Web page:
What does the medium of film have to offer?

Recently, I got into a conversation with someone about whether it should be necessary to say, read  a novel a film is based on in order to enjoy the film.  He proposed that is can be necessary to read other material to appreciate a film, and that is fine.


To me, this means saying it is all right if a film does not stand on its own, or more specifically, that it’s all right if a film cannot stand on its own.  This raises an interesting point, which I think about every time I direct something: what is it the medium of film brings to the material?


Some film does not benefit the source material.  This may be because the story does not lend itself well to the tools of a visual storytelling medium, as would be the case, theoretically, with No Exit, which takes place entirely in one room.  It may also be that the joy of the source material, be it a book or a radio play, is in the prose describing the scene, or the audience’s enjoyment of imagining the scene.  In any case, when adapting to film, the director must ask what the medium can do to buttress and harness the material, rather than simply pointing a camera at the subject to satisfy our curiosity about what something looks like.


In adapting for film various sketches, I’ve been forced to answer this question.  Often, as is the case with the Art Team sketch for example, I’ve had to throw out all the original staging and re-block the material entirely, even changing positive aspects of the live performance (in that case) to suit the cinematic needs of the material.  It’s an example of killing your darlings.  If you have to excise the aspects of the material that made you attracted to it in the first place, then maybe it’s not suited for adaptation, or you just aren’t approaching it correctly.  Either way, you must strive to make the film capable of standing on its own.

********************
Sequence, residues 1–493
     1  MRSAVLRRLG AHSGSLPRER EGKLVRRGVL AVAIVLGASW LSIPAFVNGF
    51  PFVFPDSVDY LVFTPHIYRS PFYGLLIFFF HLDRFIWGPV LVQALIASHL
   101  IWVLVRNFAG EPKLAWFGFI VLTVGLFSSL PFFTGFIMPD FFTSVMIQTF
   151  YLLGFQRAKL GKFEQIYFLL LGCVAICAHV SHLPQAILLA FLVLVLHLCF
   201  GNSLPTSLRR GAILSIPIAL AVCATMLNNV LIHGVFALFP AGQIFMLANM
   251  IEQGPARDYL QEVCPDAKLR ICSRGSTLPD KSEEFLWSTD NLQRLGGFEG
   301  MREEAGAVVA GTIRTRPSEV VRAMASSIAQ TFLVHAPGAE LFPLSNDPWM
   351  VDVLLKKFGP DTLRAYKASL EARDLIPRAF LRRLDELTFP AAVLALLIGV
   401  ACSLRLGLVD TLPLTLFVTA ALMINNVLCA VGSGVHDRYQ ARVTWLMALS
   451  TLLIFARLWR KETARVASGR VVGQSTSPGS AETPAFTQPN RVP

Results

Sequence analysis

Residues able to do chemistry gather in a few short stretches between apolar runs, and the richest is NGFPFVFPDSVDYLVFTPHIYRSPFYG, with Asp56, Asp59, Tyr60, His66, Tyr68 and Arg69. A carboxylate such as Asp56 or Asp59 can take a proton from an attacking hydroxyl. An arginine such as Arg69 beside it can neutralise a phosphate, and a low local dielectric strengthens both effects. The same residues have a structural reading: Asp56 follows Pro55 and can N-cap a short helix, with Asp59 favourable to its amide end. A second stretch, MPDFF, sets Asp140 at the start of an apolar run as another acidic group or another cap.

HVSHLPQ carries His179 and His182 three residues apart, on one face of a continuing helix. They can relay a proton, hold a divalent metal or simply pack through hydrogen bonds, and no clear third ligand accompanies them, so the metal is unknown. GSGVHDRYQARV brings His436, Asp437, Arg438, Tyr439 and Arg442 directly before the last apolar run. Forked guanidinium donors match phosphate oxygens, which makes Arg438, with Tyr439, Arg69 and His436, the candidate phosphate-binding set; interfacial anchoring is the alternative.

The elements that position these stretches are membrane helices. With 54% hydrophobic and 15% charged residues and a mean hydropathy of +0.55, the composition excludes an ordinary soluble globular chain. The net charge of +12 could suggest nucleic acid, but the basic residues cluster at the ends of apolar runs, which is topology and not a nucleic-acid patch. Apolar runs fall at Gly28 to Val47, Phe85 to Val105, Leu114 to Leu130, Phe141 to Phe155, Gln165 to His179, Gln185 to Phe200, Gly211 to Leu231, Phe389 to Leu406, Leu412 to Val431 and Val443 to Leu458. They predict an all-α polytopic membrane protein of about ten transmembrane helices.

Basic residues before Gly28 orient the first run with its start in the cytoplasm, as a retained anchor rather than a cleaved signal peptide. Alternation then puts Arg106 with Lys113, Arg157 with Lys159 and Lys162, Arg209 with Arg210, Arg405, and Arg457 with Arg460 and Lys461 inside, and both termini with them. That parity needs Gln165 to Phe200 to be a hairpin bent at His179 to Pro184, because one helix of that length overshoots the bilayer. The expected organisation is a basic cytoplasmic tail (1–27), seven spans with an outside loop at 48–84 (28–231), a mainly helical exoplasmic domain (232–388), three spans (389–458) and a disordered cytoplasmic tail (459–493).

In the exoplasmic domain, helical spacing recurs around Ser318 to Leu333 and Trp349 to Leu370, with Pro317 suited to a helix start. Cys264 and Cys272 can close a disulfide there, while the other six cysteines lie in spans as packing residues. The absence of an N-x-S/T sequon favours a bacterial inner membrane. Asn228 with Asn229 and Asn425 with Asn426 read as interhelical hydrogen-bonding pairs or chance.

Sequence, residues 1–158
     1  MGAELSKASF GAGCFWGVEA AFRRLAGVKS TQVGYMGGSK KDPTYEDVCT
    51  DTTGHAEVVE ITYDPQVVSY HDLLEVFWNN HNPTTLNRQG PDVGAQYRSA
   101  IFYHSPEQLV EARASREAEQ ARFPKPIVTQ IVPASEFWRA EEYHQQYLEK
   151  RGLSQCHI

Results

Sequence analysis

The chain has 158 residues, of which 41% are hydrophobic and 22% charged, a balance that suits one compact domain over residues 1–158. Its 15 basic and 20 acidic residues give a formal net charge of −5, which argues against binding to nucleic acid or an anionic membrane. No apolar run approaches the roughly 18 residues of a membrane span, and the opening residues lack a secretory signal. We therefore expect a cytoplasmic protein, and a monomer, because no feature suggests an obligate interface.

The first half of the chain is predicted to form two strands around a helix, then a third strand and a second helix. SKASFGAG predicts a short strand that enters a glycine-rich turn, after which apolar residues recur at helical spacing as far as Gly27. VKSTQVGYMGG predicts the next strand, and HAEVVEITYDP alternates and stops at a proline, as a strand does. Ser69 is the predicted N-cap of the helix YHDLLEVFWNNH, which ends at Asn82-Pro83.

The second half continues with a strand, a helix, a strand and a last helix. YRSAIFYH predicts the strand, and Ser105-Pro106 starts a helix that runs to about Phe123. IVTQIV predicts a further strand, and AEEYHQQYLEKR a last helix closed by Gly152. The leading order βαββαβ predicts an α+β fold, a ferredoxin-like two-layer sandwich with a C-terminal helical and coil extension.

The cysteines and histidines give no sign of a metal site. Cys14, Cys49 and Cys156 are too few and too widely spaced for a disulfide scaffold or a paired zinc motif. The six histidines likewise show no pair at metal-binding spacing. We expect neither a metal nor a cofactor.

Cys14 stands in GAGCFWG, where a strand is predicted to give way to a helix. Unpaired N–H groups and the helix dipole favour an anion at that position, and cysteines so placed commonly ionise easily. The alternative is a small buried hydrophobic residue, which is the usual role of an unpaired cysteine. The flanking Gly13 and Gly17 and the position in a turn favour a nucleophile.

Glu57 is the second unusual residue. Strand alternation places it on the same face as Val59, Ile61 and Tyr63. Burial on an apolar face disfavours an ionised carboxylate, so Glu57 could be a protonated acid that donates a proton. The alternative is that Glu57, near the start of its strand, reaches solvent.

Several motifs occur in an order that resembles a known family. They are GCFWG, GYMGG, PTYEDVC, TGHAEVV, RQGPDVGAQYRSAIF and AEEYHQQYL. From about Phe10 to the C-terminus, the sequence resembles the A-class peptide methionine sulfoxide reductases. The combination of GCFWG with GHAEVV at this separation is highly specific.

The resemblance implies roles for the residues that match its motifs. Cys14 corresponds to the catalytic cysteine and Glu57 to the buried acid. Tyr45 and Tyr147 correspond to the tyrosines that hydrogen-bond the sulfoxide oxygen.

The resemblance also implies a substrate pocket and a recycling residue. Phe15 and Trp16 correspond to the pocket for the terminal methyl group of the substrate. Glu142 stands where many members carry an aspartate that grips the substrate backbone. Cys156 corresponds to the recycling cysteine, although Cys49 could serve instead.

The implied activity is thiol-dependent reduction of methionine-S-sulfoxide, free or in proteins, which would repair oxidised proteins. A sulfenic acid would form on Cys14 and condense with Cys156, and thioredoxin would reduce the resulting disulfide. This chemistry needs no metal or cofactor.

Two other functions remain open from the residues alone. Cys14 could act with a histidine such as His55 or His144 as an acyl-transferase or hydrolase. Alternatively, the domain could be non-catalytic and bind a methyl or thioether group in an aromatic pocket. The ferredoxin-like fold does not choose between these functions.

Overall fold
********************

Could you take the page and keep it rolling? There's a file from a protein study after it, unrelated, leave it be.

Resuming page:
This is not to say that it shouldn’t be possible to include Easter eggs for audience members familiar with the source material, but if your film must get by entirely on the knowledge of source material, than your film isn’t standing on its own and cannot be adequately enjoyed by the majority of the film audience.  Those sorts of films are fine to show as a publicity stunt at Comic Con, but in the cinema you cannot count on an audience that knows what you left out of the scene.  If you want them to enjoy what you have created, you must make it understandable, and forcing someone to have read another source before seeing the film is making the piece deliberately obtuse and will alienate your audience.

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